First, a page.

Element K was delighted to again participate in the Learning Technologies 2011 conference held last recently in London. Now in its 12th year, this event showcased organizational learning and the technology used to support learning at work.
We had plenty of traffic at our exhibit stand, and our outstanding Element K team in Europe did a great job keeping up with it. We noted that the conversations this year were generally at a deeper level than the ones in 2010. For instance, we found that many attendees already know of the massive breadth and depth of our off-the-shelf e-Learning and print courseware offerings. So while there was plenty of interest in these libraries, more of the inquiries were about additional learning and development needs that organizations have. As a result, we had just as many conversations about KnowledgeHub (our SaaS-based LMS), our powerful vLabs (virtual labs), bespoke/custom e-Learning development, and our new mobile learning services.
We were proud to be included in the Towards Maturity "treasure hunt" at this year's show, where visitors to our booth were given some combination of whitepapers I have authored, such as "Enterprise Mobile Learning and Development," "Web 2.0 and Social Learning Best Practices," and "Blending Web 2.0 Technologies with Traditional Formal Learning." Much thanks goes to Laura Overton for this brilliant idea to help us engage with and provide value to attendees.
In addition to the interactions at the stand, two of us gave presentations in the exhibit hall theatres. Andrew Tempest, our Director of Product Marketing, gave a presentation on "Emerging from the Great Recession: Trends Impacting Corporate Learning in 2011." This was an update on his presentation from last year's Learning Technologies event. And I delivered a presentation on the "Who, What, When, Where, Why, and How of Mobile Learning." Thanks to everyone who attended these two sessions, and who followed-up with questions or comments afterwards. And a special thanks to Hugh Alford for the review of my session at his blog.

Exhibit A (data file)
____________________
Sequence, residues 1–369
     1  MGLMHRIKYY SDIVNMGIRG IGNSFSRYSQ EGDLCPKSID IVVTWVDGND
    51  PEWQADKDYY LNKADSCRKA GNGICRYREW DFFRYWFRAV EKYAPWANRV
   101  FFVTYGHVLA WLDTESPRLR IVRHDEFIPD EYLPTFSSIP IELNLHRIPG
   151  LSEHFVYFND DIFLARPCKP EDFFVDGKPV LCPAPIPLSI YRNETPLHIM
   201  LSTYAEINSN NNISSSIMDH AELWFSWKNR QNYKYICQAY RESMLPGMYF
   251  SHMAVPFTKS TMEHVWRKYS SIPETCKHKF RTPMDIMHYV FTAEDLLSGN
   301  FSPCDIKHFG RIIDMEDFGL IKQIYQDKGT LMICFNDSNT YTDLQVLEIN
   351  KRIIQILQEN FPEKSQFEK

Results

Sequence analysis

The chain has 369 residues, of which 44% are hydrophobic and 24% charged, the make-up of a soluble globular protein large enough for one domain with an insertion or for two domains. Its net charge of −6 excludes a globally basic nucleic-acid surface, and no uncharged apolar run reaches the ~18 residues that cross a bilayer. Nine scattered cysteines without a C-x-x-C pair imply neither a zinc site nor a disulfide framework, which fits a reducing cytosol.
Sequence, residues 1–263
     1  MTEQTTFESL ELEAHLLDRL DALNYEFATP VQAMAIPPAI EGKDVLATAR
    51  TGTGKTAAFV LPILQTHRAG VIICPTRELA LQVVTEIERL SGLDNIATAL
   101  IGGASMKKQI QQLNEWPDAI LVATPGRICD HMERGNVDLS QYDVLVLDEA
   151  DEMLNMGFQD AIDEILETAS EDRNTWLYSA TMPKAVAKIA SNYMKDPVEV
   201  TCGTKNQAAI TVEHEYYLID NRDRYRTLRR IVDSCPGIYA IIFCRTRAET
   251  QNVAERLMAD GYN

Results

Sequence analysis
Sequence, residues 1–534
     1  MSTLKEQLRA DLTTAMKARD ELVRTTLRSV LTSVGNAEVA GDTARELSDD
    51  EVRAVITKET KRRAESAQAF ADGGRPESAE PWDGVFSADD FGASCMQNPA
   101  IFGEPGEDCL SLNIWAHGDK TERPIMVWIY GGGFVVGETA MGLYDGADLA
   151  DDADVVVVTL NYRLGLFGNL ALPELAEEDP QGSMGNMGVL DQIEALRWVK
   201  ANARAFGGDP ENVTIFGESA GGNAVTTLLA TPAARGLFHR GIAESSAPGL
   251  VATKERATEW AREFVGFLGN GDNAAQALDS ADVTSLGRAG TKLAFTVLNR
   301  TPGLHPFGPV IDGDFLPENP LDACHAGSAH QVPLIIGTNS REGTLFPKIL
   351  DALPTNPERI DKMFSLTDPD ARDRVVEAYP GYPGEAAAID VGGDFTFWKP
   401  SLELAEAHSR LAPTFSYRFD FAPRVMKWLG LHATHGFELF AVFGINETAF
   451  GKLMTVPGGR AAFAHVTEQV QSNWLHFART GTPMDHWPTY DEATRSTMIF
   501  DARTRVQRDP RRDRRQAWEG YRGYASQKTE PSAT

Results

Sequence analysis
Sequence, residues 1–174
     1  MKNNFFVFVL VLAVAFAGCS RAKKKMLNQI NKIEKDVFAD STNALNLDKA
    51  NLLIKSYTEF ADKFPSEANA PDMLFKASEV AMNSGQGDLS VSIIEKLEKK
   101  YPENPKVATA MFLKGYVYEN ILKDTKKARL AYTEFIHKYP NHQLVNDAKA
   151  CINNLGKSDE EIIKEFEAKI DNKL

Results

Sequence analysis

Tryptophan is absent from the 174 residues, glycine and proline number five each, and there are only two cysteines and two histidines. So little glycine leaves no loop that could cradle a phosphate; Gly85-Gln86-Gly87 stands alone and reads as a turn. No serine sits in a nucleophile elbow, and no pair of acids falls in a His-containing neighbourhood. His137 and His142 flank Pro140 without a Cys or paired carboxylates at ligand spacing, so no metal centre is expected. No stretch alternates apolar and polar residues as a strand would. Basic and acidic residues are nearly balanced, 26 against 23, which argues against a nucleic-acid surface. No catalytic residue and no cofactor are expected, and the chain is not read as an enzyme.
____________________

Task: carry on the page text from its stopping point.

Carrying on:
In addition to the large exhibition, there was also a strong conference program "upstairs" at this event, with industry experts and book authors presenting on a range of topics. Numerous attendees have by now given their reflections and key takeaways from the conference, and my friend David Kelly (who wasn't even at this event!) has done us all a great service by gathering links to these at his blog.
Personally, this event meant a great deal to me for several other reasons:
- I speak at numerous events around the USA and Canada, but this was my first event in the UK. It was great to meet with so many current and prospective customers, and to learn of the similarities and differences in their needs from those on this side of the Atlantic.
- I was fortunate to meet several of the great learning professionals and thought leaders from the UK, who until now I'd only known from Twitter or their blogs. It was great finally meeting Clive Shepherd, Nick Shackleton-Jones, Karyn Romeis, and many more.
- Similarly, there were many of us from the USA who crashed this party, so it was great to connect with folks like Jane Bozarth and Clark Quinn again, both of whom have new books out (Social Media for Trainers and Designing M-Learning, respectively).
Overall, this was an outstanding event: if you've been on the fence about attending in the past few years, you really should make room in your calendar and your budget -- this show is a must-see!